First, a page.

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Un-Granola

Guide for sophisticated vegetarian dining

Category Archives: Houston, TX

If you love Mex but could live without the Tex, Hugo’s on Montrose is the place for you. Complex flavors + fresh ingredients + inventive dishes.

And they have a vegetarian menu. (As well as an impressive wine list and cool cocktails. This is a sophisticated spot.)

Hugo’s is in a 1925 building with a big dining room that feels like a cool old hacienda. I love the huge chandeliers and stamped tin ceiling:

Starters on the veg menu include butternut squash soup, potato tacos with tomatillo sauce, and avocado mango salad with blue cheese (intriguing combination).

The waiter assured me that the butternut squash soup was made with vegetable stock, so I ordered that and a glass of wine:

Really liked this creamy soup. The richness of the cream and butternut squash were set off by the light dusting of chili and the crunch of pumpkin seeds. Almost too pretty to eat. (Almost.)

It was tough to pick from the many delicious entree choices, including “deconstructed” vegetable enchiladas and chiles rellenos (large stuffed peppers) served with a pipian (pumpkin seed) sauce.

I ordered the vegetable plate to taste as much as I could:

Way more food than I can eat in one sitting, but it was fun to sample different dishes. My favorites were the creamy corn pudding (like a molten corn muffin) and the vegetable stuffed ancho pepper, made more delicious by the spicy habanero salsa my server brought me when I asked for something hot. If you get the vegetable plate, ask your server to bring out a couple of salsas – they’re terrific. My plate also had quinoa, lentil salad with spinach, roasted mushrooms, nopales (cactus), and asparagus.

Hugo’s is a great place to eat your veggies (or deconstructed enchiladas) in style.


 

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Ever eat badly for a few days? Coffee for breakfast, pecan pie for lunch? ME NEITHER. But people who have: get yourselves to Field of Greens.

It’s a simple, unfussy joint in a Houston shopping center with lots of options for pescetarians, vegetarians, vegans, raw foodies, and anyone who needs an infusion of vegetables. Lots of burgers, salads, pastas, as well as a few juices and smoothies.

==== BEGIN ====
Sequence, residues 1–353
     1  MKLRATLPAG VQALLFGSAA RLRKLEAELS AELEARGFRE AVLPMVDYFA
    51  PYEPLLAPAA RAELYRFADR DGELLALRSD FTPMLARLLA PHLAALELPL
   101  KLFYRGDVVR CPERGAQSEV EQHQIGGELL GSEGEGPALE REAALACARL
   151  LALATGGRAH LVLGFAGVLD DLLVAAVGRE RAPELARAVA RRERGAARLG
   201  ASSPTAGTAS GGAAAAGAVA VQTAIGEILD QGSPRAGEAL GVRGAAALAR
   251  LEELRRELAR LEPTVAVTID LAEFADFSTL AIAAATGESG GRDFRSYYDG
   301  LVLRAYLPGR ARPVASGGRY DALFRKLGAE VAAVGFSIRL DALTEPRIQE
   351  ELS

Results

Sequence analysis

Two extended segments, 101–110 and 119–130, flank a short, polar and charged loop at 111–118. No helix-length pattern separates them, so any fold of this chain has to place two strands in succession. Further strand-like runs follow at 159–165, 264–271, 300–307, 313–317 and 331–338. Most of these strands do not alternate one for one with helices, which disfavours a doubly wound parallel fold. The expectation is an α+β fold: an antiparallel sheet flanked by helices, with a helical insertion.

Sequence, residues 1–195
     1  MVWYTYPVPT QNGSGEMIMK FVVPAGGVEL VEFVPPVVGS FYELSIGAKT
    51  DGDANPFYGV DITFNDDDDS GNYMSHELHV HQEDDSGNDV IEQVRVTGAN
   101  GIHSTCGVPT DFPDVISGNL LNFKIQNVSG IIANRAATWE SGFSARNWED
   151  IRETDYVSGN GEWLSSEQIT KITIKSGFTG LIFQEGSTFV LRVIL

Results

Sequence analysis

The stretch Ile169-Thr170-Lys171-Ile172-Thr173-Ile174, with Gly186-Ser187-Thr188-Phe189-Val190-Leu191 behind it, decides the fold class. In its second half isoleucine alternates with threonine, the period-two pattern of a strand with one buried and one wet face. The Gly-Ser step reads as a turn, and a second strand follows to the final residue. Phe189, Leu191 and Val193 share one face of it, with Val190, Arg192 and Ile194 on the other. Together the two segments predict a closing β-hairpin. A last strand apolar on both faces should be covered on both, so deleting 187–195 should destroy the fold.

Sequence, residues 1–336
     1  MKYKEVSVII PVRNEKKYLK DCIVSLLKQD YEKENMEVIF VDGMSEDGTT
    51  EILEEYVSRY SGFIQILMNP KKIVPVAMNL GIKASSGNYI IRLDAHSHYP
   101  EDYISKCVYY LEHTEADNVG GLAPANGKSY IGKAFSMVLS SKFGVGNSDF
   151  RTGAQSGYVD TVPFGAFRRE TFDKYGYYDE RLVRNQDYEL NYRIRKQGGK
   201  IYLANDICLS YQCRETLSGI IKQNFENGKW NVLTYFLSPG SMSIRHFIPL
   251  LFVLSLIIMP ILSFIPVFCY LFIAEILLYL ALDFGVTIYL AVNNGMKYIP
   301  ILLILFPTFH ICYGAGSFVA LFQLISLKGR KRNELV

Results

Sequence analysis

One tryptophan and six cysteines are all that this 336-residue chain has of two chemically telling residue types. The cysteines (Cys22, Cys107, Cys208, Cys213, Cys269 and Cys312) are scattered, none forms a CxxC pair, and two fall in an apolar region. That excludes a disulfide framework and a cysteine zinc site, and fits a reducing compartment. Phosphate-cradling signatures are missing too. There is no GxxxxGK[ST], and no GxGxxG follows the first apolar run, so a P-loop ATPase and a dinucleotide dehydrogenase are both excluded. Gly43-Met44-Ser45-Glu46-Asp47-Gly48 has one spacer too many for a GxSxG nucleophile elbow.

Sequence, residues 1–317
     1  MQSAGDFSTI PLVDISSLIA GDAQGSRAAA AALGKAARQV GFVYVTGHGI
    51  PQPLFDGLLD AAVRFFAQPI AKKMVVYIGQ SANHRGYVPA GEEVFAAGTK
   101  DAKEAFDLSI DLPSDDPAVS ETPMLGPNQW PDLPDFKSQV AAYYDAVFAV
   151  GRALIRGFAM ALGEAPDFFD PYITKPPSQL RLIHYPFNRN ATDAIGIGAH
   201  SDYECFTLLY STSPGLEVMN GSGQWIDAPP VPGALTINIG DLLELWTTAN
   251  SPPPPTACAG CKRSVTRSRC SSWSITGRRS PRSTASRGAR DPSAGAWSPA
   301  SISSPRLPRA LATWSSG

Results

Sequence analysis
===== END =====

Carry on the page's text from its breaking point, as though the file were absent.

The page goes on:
After a few minutes of my usual deer in headlights routine (vegetarians don’t always have so many choices!), I went with the waiter’s recommendation, tofu quiche salad. And a carrot kale juice.

The dish looked great, and the tofu tasted like a crustless quiche. It was filling, and, especially with a dab of the garlic soy sauce, delish. I loved the bed of fresh greens and my juice.

At the next table, people in scrubs were discussing flax seed. People who know about food and nutrition eat here, OK? So should you, especially after a week of nutritional lapses.

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I often get asked where to go for “real” Indian food. And while I can answer that question (the authentic joints are invariably in the burbs, where my people live their American dream), these are not my favorite Indian restaurants. I’d gladly give up some quantum of authenticity for a decent wine list, soft lighting, and an urban location. (Bonus points for food served on real plates instead of styrofoam.)

So Indika is right up my ally. Upscale food rooted in Indian culinary traditions but going in new directions and using high-quality local ingredients. (They start you off with a semolina cake topped with yogurt and pomegranate. Nice.)

Don’t be put off by the somewhat grim cement exterior — the inside is pleasant, with saffron walls and big windows.

Most of what is considered “Indian” food in the US is really from the Punjab region. (In the UK, the food of all India is reduced to the phrase “a curry,” though this is changing.) Indika has only a few dishes that venture beyond the Punjab in their inspiration. There are a long list of meat dishes (goat brain, venison chops), and some inventive veggie options: kale and blueberry salad with cheese, black garbanzo and pumpkin soup, stuffed bitter melon, and roasted portabella.

I ordered the tasting platter – which came with lentils and raita (yogurt sauce) in addition to a wonderful assortment of dishes.

Indika seasons each dish so that it stands out. This is the opposite of your average Indian restaurant, where many dishes taste similar, and cream is the not so secret ingredient. Kari leaf (an actual leaf that is the basis for curry but often used on its own) perked up green beans. The pickled eggplant was garlicky. My favorite dish was the fried eggplant, which was coated with amchur (dried mango powder) that made it deliciously sour. The paneer makhani (cheese in a tomato and cream sauce) was rich and decadent, as it’s meant to be. The least interesting dish was the potato cake, which was smothered in yogurt and tamarind sauces. Indika’s naan = puffy and chewy goodness.

Judging by the warm and buttery cardamom cookies they sent with my bill, their dessert options are worth trying:

I hope Indian restaurants in the US evolve, both to focus on regional cuisines and to go beyond tradition, as Indika does so well.

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